Also---I think you need another honest discussion re: they are adults, and he can talk with them individually, and does not need third party to know what's going on with them.  If they live nearby, he can meet them each for lunch once a week, or invite them over , etc.  He can CALL them on the phone......Again, if you can at least get an intellectual agreement of his that this is true and desireable....I think the battle is half won, again, and it's really just you helping/encouraging him to see these options and push him towards moving on them.

It seems really sad that he has such little belief in his ability to carry on a conversation with his own (grown) children without getting cue card notes from his exW prior to the conversation!! ?? !!

How is YOUR relationship with the kids?  How about bumping up how often you BOTH see the kids---and YOU initiate the conversations, etc.  Heck, if the kid had a bad day in English class, the BEST THING might be if dad DID bring up the subject, and then kid gets a different (dad's) perspective on the situation!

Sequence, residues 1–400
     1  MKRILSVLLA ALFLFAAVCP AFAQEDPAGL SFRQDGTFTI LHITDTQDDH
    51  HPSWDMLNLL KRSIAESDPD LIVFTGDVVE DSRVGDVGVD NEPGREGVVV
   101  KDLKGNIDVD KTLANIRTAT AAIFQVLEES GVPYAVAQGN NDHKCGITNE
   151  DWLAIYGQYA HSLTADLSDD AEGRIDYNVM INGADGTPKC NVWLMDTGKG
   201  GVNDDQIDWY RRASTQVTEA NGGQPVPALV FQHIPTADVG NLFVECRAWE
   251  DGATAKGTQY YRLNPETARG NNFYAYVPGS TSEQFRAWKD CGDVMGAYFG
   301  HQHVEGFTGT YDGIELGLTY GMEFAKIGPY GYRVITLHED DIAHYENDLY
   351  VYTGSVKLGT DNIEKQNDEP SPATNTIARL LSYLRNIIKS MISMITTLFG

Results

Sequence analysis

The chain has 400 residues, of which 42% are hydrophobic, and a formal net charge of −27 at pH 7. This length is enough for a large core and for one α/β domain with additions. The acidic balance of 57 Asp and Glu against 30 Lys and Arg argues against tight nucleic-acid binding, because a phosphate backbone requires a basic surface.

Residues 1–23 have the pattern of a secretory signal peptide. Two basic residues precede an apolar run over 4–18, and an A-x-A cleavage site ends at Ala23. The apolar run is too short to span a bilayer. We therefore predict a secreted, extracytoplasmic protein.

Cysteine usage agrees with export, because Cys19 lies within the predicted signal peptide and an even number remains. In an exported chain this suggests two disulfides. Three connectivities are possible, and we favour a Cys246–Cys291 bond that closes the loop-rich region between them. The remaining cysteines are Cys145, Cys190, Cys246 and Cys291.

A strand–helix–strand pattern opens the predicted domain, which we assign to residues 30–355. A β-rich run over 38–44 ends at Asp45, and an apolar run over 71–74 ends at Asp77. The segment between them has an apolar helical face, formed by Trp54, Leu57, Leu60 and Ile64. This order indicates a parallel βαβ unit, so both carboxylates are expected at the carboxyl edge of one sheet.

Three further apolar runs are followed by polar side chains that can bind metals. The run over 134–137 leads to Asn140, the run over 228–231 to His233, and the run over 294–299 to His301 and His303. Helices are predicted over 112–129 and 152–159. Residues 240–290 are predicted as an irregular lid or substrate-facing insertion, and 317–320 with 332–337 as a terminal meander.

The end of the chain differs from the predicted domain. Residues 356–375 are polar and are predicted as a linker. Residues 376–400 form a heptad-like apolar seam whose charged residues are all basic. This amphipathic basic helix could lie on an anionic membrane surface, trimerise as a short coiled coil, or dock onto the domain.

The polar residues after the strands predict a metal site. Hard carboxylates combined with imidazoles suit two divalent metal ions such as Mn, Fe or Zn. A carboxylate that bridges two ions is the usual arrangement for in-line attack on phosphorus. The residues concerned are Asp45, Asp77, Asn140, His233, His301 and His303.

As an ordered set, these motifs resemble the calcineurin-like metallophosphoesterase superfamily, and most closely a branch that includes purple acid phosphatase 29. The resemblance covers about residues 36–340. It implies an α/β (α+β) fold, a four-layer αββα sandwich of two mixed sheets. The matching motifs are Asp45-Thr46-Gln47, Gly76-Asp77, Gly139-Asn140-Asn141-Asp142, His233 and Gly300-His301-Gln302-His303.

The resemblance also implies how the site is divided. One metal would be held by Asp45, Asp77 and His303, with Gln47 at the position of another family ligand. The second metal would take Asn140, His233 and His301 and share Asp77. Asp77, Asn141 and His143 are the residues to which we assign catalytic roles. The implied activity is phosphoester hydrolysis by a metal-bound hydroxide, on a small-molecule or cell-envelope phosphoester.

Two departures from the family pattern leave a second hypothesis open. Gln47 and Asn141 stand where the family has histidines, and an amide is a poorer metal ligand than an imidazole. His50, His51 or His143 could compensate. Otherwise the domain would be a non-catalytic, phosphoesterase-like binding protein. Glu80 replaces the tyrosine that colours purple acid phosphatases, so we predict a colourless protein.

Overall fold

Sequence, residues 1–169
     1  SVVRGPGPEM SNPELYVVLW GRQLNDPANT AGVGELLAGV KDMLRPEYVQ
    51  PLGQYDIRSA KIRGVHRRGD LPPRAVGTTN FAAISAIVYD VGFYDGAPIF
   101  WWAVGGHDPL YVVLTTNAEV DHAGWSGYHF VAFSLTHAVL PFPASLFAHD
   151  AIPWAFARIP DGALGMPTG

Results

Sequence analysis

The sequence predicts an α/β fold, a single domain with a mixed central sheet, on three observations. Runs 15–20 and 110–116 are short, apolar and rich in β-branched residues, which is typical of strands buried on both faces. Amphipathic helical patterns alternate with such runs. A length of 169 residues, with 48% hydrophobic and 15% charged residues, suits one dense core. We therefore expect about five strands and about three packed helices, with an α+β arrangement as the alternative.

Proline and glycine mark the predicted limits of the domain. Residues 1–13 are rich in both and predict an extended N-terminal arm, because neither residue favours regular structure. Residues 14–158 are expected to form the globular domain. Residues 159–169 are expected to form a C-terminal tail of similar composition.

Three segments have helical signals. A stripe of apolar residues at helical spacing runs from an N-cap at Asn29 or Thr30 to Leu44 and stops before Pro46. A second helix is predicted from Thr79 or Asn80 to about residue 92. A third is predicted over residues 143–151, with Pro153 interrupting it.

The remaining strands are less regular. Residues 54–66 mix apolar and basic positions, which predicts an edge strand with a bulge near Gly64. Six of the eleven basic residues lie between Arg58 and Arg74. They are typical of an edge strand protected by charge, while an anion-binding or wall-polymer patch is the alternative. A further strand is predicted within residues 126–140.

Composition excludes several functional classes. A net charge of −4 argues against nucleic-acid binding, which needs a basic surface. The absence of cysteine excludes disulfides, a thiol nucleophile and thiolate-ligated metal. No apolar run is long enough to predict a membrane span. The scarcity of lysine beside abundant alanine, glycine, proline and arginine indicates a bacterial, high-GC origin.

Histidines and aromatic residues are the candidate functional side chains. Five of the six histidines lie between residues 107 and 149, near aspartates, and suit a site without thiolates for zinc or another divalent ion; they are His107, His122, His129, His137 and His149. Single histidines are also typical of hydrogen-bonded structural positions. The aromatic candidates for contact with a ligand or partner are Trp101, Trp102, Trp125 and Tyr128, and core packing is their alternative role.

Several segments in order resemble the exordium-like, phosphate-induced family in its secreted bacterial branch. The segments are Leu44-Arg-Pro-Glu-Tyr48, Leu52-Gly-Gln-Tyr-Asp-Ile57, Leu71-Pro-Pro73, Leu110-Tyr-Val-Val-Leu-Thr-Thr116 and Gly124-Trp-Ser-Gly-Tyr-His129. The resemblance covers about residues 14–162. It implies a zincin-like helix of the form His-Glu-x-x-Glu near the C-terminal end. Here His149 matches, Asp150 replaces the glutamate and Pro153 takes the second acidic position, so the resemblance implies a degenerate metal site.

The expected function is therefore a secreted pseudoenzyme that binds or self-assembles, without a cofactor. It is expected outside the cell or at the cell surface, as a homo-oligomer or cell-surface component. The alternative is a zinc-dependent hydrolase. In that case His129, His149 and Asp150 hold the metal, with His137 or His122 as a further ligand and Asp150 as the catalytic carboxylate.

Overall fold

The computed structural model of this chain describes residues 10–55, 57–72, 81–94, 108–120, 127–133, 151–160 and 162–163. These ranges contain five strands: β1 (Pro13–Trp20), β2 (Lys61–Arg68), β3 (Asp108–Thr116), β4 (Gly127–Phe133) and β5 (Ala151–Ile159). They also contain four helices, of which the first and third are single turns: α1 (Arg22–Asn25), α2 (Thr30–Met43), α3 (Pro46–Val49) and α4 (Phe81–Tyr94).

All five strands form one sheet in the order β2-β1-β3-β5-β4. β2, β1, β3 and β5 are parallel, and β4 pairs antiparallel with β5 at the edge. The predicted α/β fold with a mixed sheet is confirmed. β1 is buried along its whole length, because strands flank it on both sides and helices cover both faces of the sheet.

Not only that....but I think if I were the ages of those kids, I'd be pretty annoyed that mom was going around "behind my back" basically telling dad all sorts of things about me/my life, KWIM?  In fact, I think it would be a great thing for dad to tell the kids that they are old enough to come to him with their concerns, he always wants to hear from them, etc et cetc.  

THEN get more adamant re: brushing off exW when she calls.  One thing re: caller ID and messages, if she's the type that leaves a message , "call me".......I think when he DOES call, and the reason she wanted to be called was along the lines of what's going on with the kids.....he needs to say, "you dont need to call me with this stuff, I talk with Joey/Jill myself", or something like that.

ALSO.......he needs to start realizing that his behavior of his is starting to undermine his relationship with YOU----so, eh, is he willing to let his relationship with you deteriorate because he's allowing (and it IS his choice to continue allowing this) exW wants to keep them tied together as a family ?



Keep us posted--looking forward to hearing more from you!